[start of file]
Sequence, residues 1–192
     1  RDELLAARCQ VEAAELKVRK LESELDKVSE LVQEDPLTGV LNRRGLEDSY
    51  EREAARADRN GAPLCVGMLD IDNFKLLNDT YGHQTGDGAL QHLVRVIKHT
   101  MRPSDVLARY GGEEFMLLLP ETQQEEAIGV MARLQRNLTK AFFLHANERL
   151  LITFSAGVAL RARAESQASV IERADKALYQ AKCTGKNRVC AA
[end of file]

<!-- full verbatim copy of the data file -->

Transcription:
Sequence, residues 1–192
     1  RDELLAARCQ VEAAELKVRK LESELDKVSE LVQEDPLTGV LNRRGLEDSY
    51  EREAARADRN GAPLCVGMLD IDNFKLLNDT YGHQTGDGAL QHLVRVIKHT
   101  MRPSDVLARY GGEEFMLLLP ETQQEEAIGV MARLQRNLTK AFFLHANERL
   151  LITFSAGVAL RARAESQASV IERADKALYQ AKCTGKNRVC AA